Mission Delhi – Aslam, Gandhak ki Baoli
One of the one percent in 13 million.
[Text and photo by Mayank Austen Soofi]
The afternoon is so humid that it seems like even fish can swim in the air. Aslam struggles out of his shirt and pants, throwing them into a heap behind him. Stripped to his black shorts, he approaches the edge of the land. Complete silence reigns inside the walled enclosure; the traffic sounds feel too remote to be substantial.
The young man slowly raises his arms, nods to himself, and jumps. His lean body plunges (see photo) into the water. A splashing sound as the glassy surface breaks into ripples, here at Gandhak ki Baoli in Mehrauli.
Like a boatman’s oar, Aslam’s legs continually flap through the green water, disrupting the unclear reflections of the surrounding neem and kikar trees. He reaches the end of the pool in a few long clean strokes, dives underwater, surfacing a moment later. He vigorously shakes his wet head; a multitude of water drops fly off his hair. After a few more rounds, he emerges, water rilling over his chest. He sits on the stone steps.
The kuan was locked for four years… opened two months ago.” Aslam refers to the 13th century baoli as a mere well, not honouring it with the reverence it commands in guidebooks as Delhi’s oldest surviving stepwell. “I started swimming in this kuan when I was a little boy… our kuan never gets dry, not even in the summer’s peak heat…. the water is always cold.”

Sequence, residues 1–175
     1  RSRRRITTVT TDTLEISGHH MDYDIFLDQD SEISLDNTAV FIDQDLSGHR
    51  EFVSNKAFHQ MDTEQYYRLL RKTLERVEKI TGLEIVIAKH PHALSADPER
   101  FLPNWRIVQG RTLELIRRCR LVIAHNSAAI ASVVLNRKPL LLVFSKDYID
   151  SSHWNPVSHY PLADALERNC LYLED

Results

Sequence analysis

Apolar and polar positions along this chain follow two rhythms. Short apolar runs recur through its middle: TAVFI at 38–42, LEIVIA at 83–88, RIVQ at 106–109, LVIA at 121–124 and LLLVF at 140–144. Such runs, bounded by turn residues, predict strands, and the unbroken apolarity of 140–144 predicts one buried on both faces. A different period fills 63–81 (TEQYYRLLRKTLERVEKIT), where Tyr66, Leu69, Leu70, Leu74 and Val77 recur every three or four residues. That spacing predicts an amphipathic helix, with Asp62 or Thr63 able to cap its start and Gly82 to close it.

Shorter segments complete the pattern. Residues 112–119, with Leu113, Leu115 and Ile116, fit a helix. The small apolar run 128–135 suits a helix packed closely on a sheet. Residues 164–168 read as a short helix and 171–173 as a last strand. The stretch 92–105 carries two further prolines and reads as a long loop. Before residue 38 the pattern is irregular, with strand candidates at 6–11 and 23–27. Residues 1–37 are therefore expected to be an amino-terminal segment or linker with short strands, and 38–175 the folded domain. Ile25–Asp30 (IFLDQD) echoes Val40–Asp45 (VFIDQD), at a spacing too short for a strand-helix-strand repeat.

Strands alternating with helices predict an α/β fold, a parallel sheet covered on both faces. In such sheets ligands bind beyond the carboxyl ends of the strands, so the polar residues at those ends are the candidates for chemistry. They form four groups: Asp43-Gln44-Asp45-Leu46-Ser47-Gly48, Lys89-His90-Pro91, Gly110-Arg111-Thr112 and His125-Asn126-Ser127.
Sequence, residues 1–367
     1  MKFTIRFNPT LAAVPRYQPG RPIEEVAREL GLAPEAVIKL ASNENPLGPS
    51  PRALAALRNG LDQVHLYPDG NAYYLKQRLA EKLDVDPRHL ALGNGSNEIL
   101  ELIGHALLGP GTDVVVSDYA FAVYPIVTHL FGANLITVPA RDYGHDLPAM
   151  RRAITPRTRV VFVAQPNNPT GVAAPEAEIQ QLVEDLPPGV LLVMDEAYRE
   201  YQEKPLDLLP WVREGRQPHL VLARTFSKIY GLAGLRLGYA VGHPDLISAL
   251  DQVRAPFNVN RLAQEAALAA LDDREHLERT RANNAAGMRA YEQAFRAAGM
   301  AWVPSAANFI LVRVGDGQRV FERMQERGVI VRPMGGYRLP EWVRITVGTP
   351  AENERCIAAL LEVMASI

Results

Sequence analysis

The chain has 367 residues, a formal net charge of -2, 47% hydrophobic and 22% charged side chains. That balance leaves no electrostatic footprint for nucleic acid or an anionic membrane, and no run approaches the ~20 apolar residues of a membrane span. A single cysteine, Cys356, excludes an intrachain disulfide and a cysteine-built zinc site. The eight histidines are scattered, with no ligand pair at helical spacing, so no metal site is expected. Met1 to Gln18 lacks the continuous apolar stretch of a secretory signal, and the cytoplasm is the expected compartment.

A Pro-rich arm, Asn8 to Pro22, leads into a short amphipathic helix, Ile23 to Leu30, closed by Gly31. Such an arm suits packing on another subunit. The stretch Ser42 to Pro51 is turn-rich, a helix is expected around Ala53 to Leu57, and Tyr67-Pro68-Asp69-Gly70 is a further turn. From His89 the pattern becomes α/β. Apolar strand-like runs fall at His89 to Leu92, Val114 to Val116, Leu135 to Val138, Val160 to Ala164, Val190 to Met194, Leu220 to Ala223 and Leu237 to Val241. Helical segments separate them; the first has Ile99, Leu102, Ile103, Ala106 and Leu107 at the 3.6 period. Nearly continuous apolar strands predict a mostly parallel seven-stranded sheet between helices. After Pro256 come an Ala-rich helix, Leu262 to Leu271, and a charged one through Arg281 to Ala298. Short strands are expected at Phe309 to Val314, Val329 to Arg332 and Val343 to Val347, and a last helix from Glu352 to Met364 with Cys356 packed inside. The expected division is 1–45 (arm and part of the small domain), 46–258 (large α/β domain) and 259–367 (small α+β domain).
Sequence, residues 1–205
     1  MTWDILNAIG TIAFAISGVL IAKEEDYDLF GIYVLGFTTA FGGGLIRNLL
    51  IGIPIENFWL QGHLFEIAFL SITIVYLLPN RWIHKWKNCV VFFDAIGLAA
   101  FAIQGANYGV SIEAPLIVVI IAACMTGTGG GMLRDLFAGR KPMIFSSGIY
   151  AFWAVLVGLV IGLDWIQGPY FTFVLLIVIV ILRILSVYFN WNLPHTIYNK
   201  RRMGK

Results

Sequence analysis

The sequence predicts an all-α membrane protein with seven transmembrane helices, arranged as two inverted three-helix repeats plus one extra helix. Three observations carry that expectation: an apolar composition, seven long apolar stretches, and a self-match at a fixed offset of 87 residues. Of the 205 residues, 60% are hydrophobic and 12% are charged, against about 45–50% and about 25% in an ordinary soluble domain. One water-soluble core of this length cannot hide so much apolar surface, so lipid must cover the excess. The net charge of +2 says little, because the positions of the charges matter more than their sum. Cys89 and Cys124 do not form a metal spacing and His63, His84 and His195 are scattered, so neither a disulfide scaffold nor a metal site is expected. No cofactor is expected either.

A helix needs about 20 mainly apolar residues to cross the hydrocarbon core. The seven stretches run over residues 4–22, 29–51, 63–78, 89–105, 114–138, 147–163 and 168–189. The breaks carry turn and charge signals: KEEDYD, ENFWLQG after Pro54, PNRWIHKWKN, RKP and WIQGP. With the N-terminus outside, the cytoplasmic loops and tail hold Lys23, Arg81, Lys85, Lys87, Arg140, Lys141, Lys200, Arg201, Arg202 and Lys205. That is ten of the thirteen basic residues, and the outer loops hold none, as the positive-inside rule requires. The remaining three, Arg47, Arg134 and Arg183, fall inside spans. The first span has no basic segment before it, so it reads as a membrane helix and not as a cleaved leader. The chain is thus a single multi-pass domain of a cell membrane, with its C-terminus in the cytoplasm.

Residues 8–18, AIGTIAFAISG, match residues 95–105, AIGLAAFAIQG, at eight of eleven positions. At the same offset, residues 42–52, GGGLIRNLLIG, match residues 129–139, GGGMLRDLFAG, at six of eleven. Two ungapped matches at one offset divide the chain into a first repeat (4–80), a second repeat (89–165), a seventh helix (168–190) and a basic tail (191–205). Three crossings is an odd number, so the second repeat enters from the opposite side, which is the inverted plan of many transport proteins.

He waves an arm. “Another kuan some dis- tance away is larger than this one, I go there too sometimes for a dubki.”
Aslam drives a rickshaw for a living, but he says this in an uncertain tone. “Because these days I’m not working…” He feels undecided about life, he says. “My days are spent doing… nothing.” If he is not in the “kuan,” he is either hanging out with friends in the lanes of Mehrauli, or “we board the Yellow Line (of the Metro) to go to the mall (in Gurgaon).”
Picking up a small stone, he tosses it into the baoli water. “This kuan is very deep, you might drown if not careful.” He talks of a personal crisis, and of his family helping him deal with it. “What if tomorrow this crisis comes back?”
Aslam gets up, goes up the stairs, and jumps in again. A splashing sound.
[This is the 554th portrait of Mission Delhi project]